Neighborhood Preservation Program/Rural Preservation Program (NPP):
The NPP is a well-established and effective program that provides assistance to low-and moderate-income communities with demonstrated unmet housing needs. Funding for the NPP helps to finance a range of preservation and revitalization activities. The NPCS are the local housing assistance providers, driving economic growth and expanding affordable housing options in their communities.
The executive budget proposes to fund the NPP at $8,479,000 million, which is the same level of funding that was proposed in 2016/17. However, the Legislature added $500,000 in 2016/17, which resulted in $8,979,000 million– with an additional supplementation from JP Morgan Chase settlement funds. NPCNYS respectfully requests that this amount be added back or increased in this year’s budget. It is crucial for funding to remain steady or improve, as even small decreases result in diminished capacity and a reduction in critical services.
Affordable Housing Corporation (AHC): AHC provides funding that supports homeowners, including: down payment and closing cost assistance and home repair grants. AHC funding helps create sustainable homeowners, and homeownership helps aid in wealth creation, which furthers economic development.
53% of all New York State residents are homeowners, and 37% of our homeowners are cost-burdened. The nationwide rate of homeownership is 63%, so New York State is well below the average. In fact, only Washington DC has a lower rate, 40.6%.
The executive budget proposes $26 million in funding for 2017/18, which was the figure proposed in 2016/17. However, this figure is down from $29 million in 2015/16, and represents roughly a 10% cut.
NPCNYS recommends increasing funding to the program by $10 million in order to help low-and-moderate-income renters become homeowners, and help low-and-moderate-income homeowners make needed repairs to their homes.
New York State has the resources to invest in homeownership, but must do so in a strategic and sustainable manner. AHC has a proven track record of success and a funding increase would reflect this.
ACCESS to Home: Access to Home supports the modification of individual housing units to meet the needs of households with a disabled member.
The executive budget proposes to fund Access to Home at $1 million. NPCNYS is recommending a $4 million addition for a total of $5 million for Access to Home.
The program is well subscribed throughout the state and is therefore ripe for expansion.
Housing Opportunities Program for Elderly (HOPE RESTORE): HOPE RESTORE provides funding for the rapid response to emergency home repair needs of elderly homeowners.
The executive budget proposes to fund HOPE RESTORE at $1.4 million. In 2015 – the last year for which awards have been reported – $2.689 million in awards were made. NPCNYS is recommending a $1 million addition for a total of $2.4 million for HOPE RESTORE.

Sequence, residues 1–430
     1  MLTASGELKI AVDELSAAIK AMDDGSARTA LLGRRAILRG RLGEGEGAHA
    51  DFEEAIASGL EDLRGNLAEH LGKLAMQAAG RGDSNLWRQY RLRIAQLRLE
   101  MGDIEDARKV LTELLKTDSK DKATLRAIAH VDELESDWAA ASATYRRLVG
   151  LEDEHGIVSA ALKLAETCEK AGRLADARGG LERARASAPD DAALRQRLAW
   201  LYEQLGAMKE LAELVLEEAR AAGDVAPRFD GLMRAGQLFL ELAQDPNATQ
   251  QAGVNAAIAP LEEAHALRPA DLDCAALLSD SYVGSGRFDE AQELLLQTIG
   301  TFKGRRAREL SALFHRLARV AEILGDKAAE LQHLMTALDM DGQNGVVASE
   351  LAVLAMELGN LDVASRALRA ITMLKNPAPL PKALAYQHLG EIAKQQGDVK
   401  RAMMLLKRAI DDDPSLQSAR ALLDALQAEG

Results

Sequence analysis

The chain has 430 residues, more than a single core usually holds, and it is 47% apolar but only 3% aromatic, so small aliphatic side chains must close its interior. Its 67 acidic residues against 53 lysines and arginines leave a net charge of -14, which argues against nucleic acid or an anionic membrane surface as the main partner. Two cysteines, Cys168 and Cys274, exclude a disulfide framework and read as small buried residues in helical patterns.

Rural and Urban Community Investment Fund (CIF): The CIF provides flexible funding source that can leverage other funds to meet diverse community needs. The CIF was established to empower locally based not-for-profits to address the unique needs of their communities.
The executive proposes to fund the Rural and Urban Community Fund at $36 million. NPCNYS recommends a suballocation from Capital into Office of Community Renewal (OCR) of $9 million (when Urban Initiatives and the Rural Area Revitalization Program were funded, N/RPCs typically leveraged 30% of those awards, so $9 million achieves parity) to ensure that not-for-profit community-driven developers can be competitive within the CIF program now and into the future.
At present, large-scale developers have LIHC and SLIHC as vehicles to help them leverage CIF funding. There is no such vehicle available to locally-based, community-driven not-for-profits, which may contribute to the lack of smaller projects funded through the program and the undersubscription of the program by smaller locally-based not-for-profit organizations that are unable to utilize LIHC and SLIHC. A full award breakdown has been provided in our testimony.
Low Income Housing Trust Fund (HTF): HTF is New York’s primary rental development program which helps communities stave off blight and promote the development of affordable rental housing.
The executive budget proposes that the Housing Trust Fund be funded at $65.2 million. NPCNYS supports this funding level.
Main Street Program: Main Street allows areas that have substantial issues with physical deterioration to target commercial/residential revitalization through renovations and upgrades.
The executive budget proposes that the Main Street program be funded at $4.2 million, the same rate as last year. NPCNYS supports this funding level.
Homeownership Protection Program (HOPP): At present, this program is funded by the New York Attorney General’s office. 2017 represents the last year of funding through this program. It is critical that this program become permanently funded through NYSHCR.
New York State’s foreclosure rate is still very high, at 5.31%, which means that nearly 100,000 households annually are affected by this crisis. The national average, by comparison, is 2.09%. New York has the second worst rate in the nation, behind New Jersey. New Jersey has, however, enacted permanent programs to address their foreclosure crisis, which includes a mediation program and a HomeSaver program.
NPCNYS therefore recommends that a foreclosure prevention program be permanently funded through NYSHCR at $30 million: $10 million for 2017/18, $20 million for 2018/19.